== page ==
Today, it is above all the following gardens with sophisticated garden design which can be visited: the Castle Park as a starting point for the Landgraves’ Garden Landscape, Gustavsgarten, Kleiner Tannenwald, the pleasure wood “Die Große Tanne”, the Forstgarten and Hirschgarten. All the gardens were created between 1770 and 1840, yet they could not be more distinct in design.
Today’s visitors to Bad Homburg Castle Park experience a series of varied areas from different centuries. Because it was not just the landgraves’ families who designed the park – Prussian kings and German emperors also left traces of their presence here after 1866. Areas designed according to the principles of landscape gardens can be found above all below the castle in the form of the boscage and Fantasie grove.
The principles of English landscape gardens were also implemented consistently in the Gustavsgarten, the only “Prince’s Garden” along Tannenwaldallee to have survived. In the Kleiner Tannenwald just a few steps away, on the other hand, geometrical and landscape design elements are combined. To the north of the pond is a formal parterre divided into four individual sections; south of the pond is a boscage characterised by conifers. The pleasure wood “Die Große Tanne”, the Forstgarten and Hirschgarten, by contrast, are located in an area known as Großer Tannenwald. This is a large fir forest which stretches like a woodland park along Elisabethenschneise, the continuation of the Tannenwaldallee, and as far as the Limes. The Forstgarten has taken on the special role of a tree nursery.
Even if the Landgraves’ Garden Landscape has only survived in part, it is – along with Bad Homburg Castle Park – the legacy of garden design left behind by the landgraves and landgravines of Hessen-Homburg. As such, it is of enormous significance for the urban landscape and the quality of local recreation in Bad Homburg.
Landgräfliche Gartenlandschaft (Landgraves’ Garden Landscape) and Bad Homburg v. d. Höhe Schlosspark (Castle Park)
Schloss und Schlosspark Bad Homburg
61348 Bad Homburg v. d. Höhe
The Castle Park (Schlosspark) is a good starting point for visiting the Landgraves’ Gardens. These stretch along Tannenwaldallee and Mariannenweg before continuing along Elisabethenschneise. Exploring the gardens on foot or by bike is recommended as Tannenwaldallee has traffic-calmed areas.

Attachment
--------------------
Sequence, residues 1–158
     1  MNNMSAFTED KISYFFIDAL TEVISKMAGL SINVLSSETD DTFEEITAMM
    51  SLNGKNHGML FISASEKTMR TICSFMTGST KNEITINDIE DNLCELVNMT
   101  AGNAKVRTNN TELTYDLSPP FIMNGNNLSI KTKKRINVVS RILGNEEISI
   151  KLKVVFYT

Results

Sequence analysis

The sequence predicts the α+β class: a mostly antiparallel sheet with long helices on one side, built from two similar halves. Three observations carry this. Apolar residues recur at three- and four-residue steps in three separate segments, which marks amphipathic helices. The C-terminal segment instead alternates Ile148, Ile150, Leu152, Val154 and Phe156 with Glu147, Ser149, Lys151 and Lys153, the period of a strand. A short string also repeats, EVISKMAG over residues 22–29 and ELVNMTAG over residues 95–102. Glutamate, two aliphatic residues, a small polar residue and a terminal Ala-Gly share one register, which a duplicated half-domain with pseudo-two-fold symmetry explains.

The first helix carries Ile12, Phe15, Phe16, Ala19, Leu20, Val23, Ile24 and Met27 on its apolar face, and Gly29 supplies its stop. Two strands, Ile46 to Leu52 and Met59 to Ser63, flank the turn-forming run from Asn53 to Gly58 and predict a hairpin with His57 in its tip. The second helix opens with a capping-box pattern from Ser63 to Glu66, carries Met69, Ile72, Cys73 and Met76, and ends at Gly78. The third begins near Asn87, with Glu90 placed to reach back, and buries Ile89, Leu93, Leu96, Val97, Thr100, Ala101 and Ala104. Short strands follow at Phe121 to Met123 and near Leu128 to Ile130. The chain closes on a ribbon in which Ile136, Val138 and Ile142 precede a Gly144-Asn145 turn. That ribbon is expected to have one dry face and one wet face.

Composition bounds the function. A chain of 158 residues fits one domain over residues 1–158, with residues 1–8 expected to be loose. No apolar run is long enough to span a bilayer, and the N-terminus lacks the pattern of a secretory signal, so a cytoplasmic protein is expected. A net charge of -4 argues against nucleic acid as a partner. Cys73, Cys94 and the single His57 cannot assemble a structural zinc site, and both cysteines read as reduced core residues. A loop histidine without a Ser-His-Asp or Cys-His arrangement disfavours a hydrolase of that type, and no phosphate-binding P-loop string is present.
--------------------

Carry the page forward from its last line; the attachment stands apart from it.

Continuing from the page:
Stadt Bad Homburg v. d. Höhe (Landgraves’ Garden Landscape)
Staatliche Schlösser und Gärten Hessen (Castle Park)
All areas are open to the public free of charge.
Only the Castle Park and Gustavsgarten are subject to closing times.
Castle Park: March – October, daily 07:30 – 20:00; November – February 08:00 – 17:30
Gustavsgarten: April – October, daily 09:30 – 22:00; November – March 09:30 – 17:00
Guided tours through the park are possible on request.
A public WC can be found in the vestibule of the Königsflügel (Royal Wing) of Bad Homburg Castle
Visitors starting their visit in the Castle Park can park in the “Schlossgarage” public car park: Herrngasse 1 (access via Ritter-von-Marx-Brücke). Good parking is available in the ramblers’ car park at the end of Tannenwaldallee (Tannenwaldweg 100B). This car park is a good starting point for exploring the Garden Landscape.
The park and gardens are not fully accessible to visitors with disabilities. The main paths in the Castle Park, Gustavsgarten and Kleiner Tannenwald are accessible to people with reduced mobility.
Local contact points:
Museumsshop Schloss Bad Homburg
61348 Bad Homburg v. d. Höhe
Opening times: March – October: Monday – Sunday; 10:00 – 17:00; November – February: Tuesday – Sunday: 10:00 – 16:00
Informationszentrum zur Landgräflichen Gartenlandschaft, located in the Schweizer Haus
Entrance to Tannenwald, at the corner Mariannenweg with Kreuzallee
61348 Bad Homburg v. d. Höhe
Opening times: 1. April – 31. October, Wednesday 14:00 – 18:00